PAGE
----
I will preface this by answering this question bluntly- I have enjoyed trying new gear. I like really short focal lengths, really long focal lengths, and everything in between. It is part of the hobby that brought me joy so far, albeit expensive over time so I am slowing down.
Also, I will note that having multiple refractors can also make sense, as they can be very different tools in a decent aperture spread, based on eyepieces and mounting solutions.
There is a propensity to want to collect refractors, just for being drawn to various functional equipment with some overlap in usage and liking all of them, and not wanting to sell them. No logic or critical analysis here, just pride of ownership and enjoying time under the stars with each refractor.
But let's dig deeper.
What does it mean to be content? This is particularly important for people without larger budgets and can only afford one refractor, and want an apo. Let's face it, they aren't cheap- if you told someone who isn't in the hobby pricing on various apos, even achros. You get a much better bang for your buck going the newtonian route.
Subjectivity comes into play. But for each person, I suspect it involves having a refractor that fits your observing habits with your equipment, which results in an optic that brings you joy and you use it lots.
Apo refractors typically excel in star aesthetics, wide field viewing, amazing for lunar and solar viewing, put up great planetary viewing for a select few planets (Jupiter, Saturn, Mars, Venus). Little fussing with the set up because of no collimation. Another large aspect of contentment involve having good build quality and mechanics, like the focuser or with some people, a sliding dew shield, ect.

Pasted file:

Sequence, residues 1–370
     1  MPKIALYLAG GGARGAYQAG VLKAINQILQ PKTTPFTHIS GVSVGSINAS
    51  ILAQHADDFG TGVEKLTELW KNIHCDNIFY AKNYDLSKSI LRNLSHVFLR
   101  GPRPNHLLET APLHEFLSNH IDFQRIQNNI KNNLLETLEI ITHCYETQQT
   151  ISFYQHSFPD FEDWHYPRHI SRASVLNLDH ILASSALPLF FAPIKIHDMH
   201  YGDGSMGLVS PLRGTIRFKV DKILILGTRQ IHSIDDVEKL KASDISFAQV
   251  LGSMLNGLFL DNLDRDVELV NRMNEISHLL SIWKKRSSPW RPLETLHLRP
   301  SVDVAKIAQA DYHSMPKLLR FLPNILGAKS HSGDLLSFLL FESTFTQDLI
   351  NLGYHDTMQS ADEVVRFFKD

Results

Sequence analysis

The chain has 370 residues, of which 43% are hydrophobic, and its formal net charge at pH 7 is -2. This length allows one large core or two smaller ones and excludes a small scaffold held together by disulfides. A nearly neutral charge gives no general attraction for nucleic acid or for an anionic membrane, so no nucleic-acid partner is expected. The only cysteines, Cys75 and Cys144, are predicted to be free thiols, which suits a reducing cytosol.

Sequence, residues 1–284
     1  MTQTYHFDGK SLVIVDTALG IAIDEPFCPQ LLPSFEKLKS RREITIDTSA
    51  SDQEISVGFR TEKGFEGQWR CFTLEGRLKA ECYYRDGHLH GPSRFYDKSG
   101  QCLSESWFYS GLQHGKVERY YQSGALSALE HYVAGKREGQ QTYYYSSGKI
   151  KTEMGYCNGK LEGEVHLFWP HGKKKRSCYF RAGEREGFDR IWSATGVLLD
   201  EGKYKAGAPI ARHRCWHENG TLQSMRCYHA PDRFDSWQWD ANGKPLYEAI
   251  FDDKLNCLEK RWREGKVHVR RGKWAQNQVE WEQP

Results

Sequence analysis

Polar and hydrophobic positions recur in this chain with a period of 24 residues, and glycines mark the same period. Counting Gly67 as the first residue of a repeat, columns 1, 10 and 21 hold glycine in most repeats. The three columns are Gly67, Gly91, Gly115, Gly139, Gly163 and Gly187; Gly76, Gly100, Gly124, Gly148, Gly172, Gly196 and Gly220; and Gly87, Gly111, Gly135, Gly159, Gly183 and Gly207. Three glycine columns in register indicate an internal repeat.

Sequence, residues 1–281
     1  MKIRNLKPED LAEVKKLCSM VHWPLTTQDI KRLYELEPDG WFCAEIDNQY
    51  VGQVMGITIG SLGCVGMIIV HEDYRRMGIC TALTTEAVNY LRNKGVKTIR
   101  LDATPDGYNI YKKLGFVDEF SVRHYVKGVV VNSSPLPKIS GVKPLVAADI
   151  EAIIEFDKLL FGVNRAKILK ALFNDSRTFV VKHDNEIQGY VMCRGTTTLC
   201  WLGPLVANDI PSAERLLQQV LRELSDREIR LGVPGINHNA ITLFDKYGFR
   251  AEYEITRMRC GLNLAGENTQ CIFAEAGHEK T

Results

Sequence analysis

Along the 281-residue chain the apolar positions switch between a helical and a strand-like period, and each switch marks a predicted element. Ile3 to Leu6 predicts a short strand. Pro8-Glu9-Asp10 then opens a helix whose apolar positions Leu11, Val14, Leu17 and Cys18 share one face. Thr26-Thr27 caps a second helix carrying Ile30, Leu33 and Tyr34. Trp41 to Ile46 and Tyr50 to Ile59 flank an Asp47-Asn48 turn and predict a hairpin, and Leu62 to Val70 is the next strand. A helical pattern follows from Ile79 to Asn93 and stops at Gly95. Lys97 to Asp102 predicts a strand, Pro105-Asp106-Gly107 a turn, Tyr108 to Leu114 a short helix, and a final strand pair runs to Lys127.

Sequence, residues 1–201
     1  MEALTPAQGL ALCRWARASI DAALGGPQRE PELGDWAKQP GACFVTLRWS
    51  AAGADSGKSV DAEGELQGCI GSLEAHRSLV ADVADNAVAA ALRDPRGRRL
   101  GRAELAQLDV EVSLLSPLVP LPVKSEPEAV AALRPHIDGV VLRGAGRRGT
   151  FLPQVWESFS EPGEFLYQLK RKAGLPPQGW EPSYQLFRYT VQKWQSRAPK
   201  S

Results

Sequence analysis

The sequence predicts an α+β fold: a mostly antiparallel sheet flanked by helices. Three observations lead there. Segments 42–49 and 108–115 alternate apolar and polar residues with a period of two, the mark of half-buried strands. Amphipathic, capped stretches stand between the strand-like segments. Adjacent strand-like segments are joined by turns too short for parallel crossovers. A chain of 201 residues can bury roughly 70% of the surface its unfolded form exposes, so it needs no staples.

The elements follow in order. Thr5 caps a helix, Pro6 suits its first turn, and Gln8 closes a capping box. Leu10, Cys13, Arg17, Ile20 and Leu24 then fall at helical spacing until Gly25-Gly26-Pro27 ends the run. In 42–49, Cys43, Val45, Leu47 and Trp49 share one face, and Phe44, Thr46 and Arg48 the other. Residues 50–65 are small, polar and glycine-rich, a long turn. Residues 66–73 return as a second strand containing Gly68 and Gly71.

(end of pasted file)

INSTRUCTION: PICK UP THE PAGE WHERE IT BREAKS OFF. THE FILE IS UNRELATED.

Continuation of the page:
But in the smaller sizes they fit on the smallest mounts, transport very easy on road trips even in small cars, cool down very fast. Very light weight so they can be used when there are lifting constraints.
This points to having them dominating in grab and go observing. This means more time under the stars, which brings all of us joy. After all, the best scope is the one you use.
Getting a refractor that checks all of these boxes will lead to the most contentment, especially those with limited budgets and can only chose one. Hence, the healthy preowned market.
I am young enough to get to enjoy this hobby for decades longer. I will likely start a collection of the simple sake of enjoying various designs.
But for now with a limited budget and time for observing at this stage in my life, I seem to be completely content with one of my refractors. I can't think of how it can be improved in any way. That means other scope choices should be based on complimenting it, unless I am going the illogical collector route.
In time, I will eventually be down that path anyways(but not right now).
Edited by Tyson M, 07 December 2019 - 12:55 PM.